A new LOOPS – a new step closer to our common destination

It’s been more than three months since we streamed live our first episode of Loops and it keeps on going at full force. Yesterday, on the 22nd of April, our fifth episode of Loops took place, and another side of the multifaceted innovation was unveiled. What we brought in the spotlight this time, was the current situation of composite materials and the innovative approaches that are being produced to move a step further towards a more sustainable planet.

Composites represent attractive materials for structural applications in sectors like transport, energy and construction, due to their light weight, high strength and resistance. However, production defects or excessive loads can cause them to suffer and break. In strong connection with this problem is the difficulty of recycling them by keeping the same high-quality standards as before. Landfilling of end-of-life composites is still a widespread phenomenon in light of the lack of significant value that their reuse or remanufacturing entail. Currently, there is no other choice than downcycling or landfilling. But this is destined to change. And DACOMAT and FiberEUse will contribute to make the difference, in their own way.

Two projects, two different solutions:

DACOMAT and the sustainability approach

Speaker: Dr. Jens Kjær Jørgensen, Research Manager at SINTEF (Norway)

DACOMAT has been brought to life to respond to the need of reducing the occurrence of cracks arising from imperfections and damages occurred at the production level that generally cannot be avoided at competitive costs. The project aims at designing more damage tolerant and damage predictable low-cost composite materials and develop the technology to monitor and assess their condition, in such a way that maintenance costs would be highly reduced due to the their high capacity of sustaining damages. Such design will have significant implications under the sustainable point of view. The impact of their design is measured in terms of a longer lifetime of components, easier detection of damages before critical level and improvement of the ecological footprint in some construction cases. Such improvements will go to the benefit of large load-carrying constructions like bridges, buildings, wind-turbine blades and similar structures. The ultimate goal is that of providing guidelines and support for future initiatives that will follow their trailblazing example.

FIBEREUSE and circular economy

Speaker: Marcello Colledani, Professor at the Mechanical Engineering Department of Politecnico di Milano (Italy)

FiberEUse does not focus on the design of more sustainable composite materials, but on the reuse of end-of-life fibre reinforced ones. Although these fibres are widely used in many different industrial sectors due to their beneficial attributes, their price is a barrier for extending their use to other areas. FiberEUse aims at achieving a condition in which the reuse of these fibres meets two kinds of sustainability: the environmental and the economic one. Currently, there is not a stable solution for treating these materials, hence the existing one still directs them in landfills. What FiberEUse is truly committed to doing is fostering a circular economy programme by putting emphasis on the cross-sectoral approach: as explained, since the specifications for composite materials largely differ in each sectors on the basis of the products they are going to be part of, converting these end-of-life materials into secondary raw ones for other components would be the absolute turning point. An example is provided by the project itself, where end-of-life fibres from the aeronautic sector can turn into valuable components for the automotive one, or else waste generated from wind turbine systems can be treated to design sport equipment, or even creative design products.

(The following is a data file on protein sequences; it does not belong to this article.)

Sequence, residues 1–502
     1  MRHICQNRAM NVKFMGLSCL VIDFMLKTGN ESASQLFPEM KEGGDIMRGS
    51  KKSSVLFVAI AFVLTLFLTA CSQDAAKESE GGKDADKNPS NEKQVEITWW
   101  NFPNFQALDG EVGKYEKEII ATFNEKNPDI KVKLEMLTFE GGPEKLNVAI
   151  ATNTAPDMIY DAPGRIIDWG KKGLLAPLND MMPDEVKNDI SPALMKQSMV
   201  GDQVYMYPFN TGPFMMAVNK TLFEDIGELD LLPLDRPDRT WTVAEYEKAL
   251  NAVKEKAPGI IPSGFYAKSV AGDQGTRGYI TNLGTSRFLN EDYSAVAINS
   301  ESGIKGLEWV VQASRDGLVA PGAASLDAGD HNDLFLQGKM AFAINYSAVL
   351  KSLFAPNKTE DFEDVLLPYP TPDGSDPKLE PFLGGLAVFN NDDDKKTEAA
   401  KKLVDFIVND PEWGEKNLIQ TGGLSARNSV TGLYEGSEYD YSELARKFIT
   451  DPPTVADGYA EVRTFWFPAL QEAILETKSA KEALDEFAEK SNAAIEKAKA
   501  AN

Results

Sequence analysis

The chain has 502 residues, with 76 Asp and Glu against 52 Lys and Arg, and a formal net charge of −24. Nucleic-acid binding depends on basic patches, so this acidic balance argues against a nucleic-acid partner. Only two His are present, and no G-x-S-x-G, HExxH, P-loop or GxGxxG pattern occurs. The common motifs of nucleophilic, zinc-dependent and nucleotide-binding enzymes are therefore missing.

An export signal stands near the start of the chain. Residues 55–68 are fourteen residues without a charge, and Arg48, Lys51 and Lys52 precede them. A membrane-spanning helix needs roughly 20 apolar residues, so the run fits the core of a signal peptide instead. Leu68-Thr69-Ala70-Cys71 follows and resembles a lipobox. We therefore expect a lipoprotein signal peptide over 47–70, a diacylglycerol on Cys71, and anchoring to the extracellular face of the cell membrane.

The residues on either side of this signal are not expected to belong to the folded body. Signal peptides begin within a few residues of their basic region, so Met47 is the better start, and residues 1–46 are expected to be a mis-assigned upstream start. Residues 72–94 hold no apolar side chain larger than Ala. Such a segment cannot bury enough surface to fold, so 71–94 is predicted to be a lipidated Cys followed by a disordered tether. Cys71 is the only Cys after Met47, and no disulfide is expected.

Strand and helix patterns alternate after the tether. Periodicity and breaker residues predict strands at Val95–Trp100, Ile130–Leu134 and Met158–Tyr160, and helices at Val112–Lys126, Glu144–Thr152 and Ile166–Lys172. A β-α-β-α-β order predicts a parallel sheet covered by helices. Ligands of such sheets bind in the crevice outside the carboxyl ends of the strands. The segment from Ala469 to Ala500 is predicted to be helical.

The importance of a cross-sectoral approach

As stated by both speakers, one of the very important issue about the recycling of materials coming from wind turbines is that the original product cannot be processed and reconverted into the same brand-new one. Its reuse would have to move to another business or industry. That’s why there is the need of boosting communication between businesses that has never existed in the past. Companies belonging to different sectors do not share enough information between one another about the specific requirements that materials should have for being re-used in other applications, thus preventing businesses from exploiting the residual components of one product to design a new one. At the same time, the other side of the coin, consumers, are still reluctant to embrace the concept of remanufactured products, and circular business models are not widespread and profitability not fully pursued.

The final remark provided by our guests is that despite receving less attention in people’s main concerns, composite materials are as important as other aspects falling within the realm of sustainability and circular economy, and as such, they need to be recognized in their importance and value, being an essential part of our living.

From such discussion, the willingness to further contribute to give value to composite materials arised from both project coordinators who found sinergies between their two projects and explicitly expressed their desire to further collaborate in the future opportunities.

We strongly recommend to watch the episode, as valuable insights are shared to increase our understanding of the innovations that are being devised in the current research scenario.

Thank you all for watching and we’ll see you in the next episode!

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